Stolen Fruit Mixers turn any gathering into a party.
OK, no fruits were actually pilfered for these non-alcoholic mixers.
Stolen Fruit Mixers is just a fun name for this new Healdsburg company that makes mixers from the fresh-pressed juice of green varietal wine grapes and their skins (also known as verjus).
But unlike so many mixers that taste way too sugary or are so processed to death that they lose their vibrancy, these have real elegance and distinction.
Not surprisingly, since they were created by a chef, Peter Brown of Healdsburg, and long-time grape growers, Doug and Susan Provisor.
The company makes five flavors: Lemongrass Ginger Sauvignon Blanc, Jasmine Juniper Viognier, Hibiscus Grenache, Blood Orange Muscat, and Fig Grains of Paradise Zin.
Mix with alcohol or sparkling water.
They are concentrated, so it’s suggested you use 1 part mixer to 1 part alcohol (for a cocktail), or 1 part mixer to 2 parts sparkling water (for a mocktail).
Whether topped with jam or fresh fruit, these little tartlets are irresistible.
Anya Fernald is probably best known for being the co-founder and CEO of Belcampo Meat Co., the world’s largest sustainable meat company, which owns everything from its animals to its own slaughterhouse to its own stores and restaurants where its meat is sold.
But leave it to me to get a review copy of her new cookbook “Home Cooked: Essential Recipes For A New Way To Cook” (Ten Speed Press), and to not make a meat-focused recipe, but a dessert one instead.
Because, yes, that’s how my sweet tooth rolls.
That’s not to say the book isn’t filled with tantalizing carnivore dishes. Having had the pleasure of eating Belcampo’s fare on a couple of occasions, I can attest that you taste the impeccable quality of the meat from the get-go. Because Belcampo raises its own animals, it makes a point to use every part so that nothing goes to waste. The recipes reflect that in everything from “Seared Lamb Heart Crudo” to “Chicken Hearts Cooked in Brown Butter” to “Toma Cheese with Green Herbs” to “Pork & Pepperoncino Sausage.”
But when Fernald writes in the book that “Jam Tartlets” is one of her most requested recipes, how could I resist?
Instead of greased parchment paper, you also can used greased foil, as I did, to bake this streuselkuchen.
Studies recommend we get at least four servings (about 1/2 cup each) of fruit a day.
I admit that once summer hits, I like to get part of that daily requirement in a fresh baked pastry.
I can’t help myself.
But you won’t, either, not when you try “Plum Streuselkuchen.”
Just what is a kuchen? It’s a coffeecake made with a yeast dough.
It’s kind of cake-like, and a little bread-like, in that the tender crumb is light, fluffy, and a smidge springier than a full-on cake.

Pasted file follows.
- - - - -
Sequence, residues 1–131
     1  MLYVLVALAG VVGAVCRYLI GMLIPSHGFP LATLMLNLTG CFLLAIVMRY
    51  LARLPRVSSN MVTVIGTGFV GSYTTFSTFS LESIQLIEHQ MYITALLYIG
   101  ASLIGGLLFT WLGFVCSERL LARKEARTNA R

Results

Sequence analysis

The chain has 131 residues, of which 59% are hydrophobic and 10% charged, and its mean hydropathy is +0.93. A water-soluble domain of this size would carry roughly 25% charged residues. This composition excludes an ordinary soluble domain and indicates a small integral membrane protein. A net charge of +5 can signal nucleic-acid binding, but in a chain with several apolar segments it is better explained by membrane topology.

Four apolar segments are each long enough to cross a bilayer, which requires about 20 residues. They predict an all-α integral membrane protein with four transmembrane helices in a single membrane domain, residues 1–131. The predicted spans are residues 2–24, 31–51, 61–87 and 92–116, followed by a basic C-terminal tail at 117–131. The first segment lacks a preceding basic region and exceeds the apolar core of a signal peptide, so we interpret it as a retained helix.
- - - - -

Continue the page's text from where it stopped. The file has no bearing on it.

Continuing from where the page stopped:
A sunny pie with a bitter edge.
Grapefruit was one thing I didn’t grow up eating.
Sure, our house was filled in the winter with the scent of fresh oranges, lemons and tangerines.
But grapefruit was noticeably absent.
Its powerful bitter edge is not something kids naturally gravitate to.
It took becoming an adult for me to appreciate its singular gifts.
After all, bitterness has a pleasing way of balancing out sweet, and adding a sophisticated character.
That’s especially true in “Grapefruit Custard Pie.” This sunny recipe is from “Sweet and Tart” (Chronicle Books) by food writer Carla Snyder, of which I received a review copy.
The book includes 70 recipes spotlighting citrus in both sweet and savory preparations, such as “Key Lime Bars with Tropical Nut Crust” and “Lemony Pesto-Goat Cheese Dip with Vegetables.”
Plump, juicy kumquats simmered in sake, sugar and shiso make a divine topper for so many things.
Anything simmered in sake sounds pretty good to me.
Make it cute little kumquats, and I’m sold.
“Kumquats Simmered in Sake” is from the new cookbook, “Preserving the Japanese Way” (Andrews McMeel) by Nancy Singleton Hachisu, of which I received a review copy.
Singleton Hachisu is a native Californian who moved to Japan after falling in love with a Japanese farmer. Ever since, she’s dedicated herself to learning, documenting and teaching the ways of farm food life in Japan.
It’s a cookbook that will leave you with newfound appreciation for the art of preserving — salting, pickling and fermenting the Japanese way. You’ll learn how soy sauce is made, as well as her favored brands; and how to make your own miso, kimchee, tofu and soy milk.
There are inspired recipes such as “Cucumbers Soused in Soy,” “Green Beans Cloaked in Miso,” and “Sake Lees Ice Cream with Figs.”
I snagged kumquats at my local Japanese market for this easy recipe, as well as the shiso leaves and sake that was needed. In fact, I bought so many kumquats that I ended up making a double-batch of this recipe.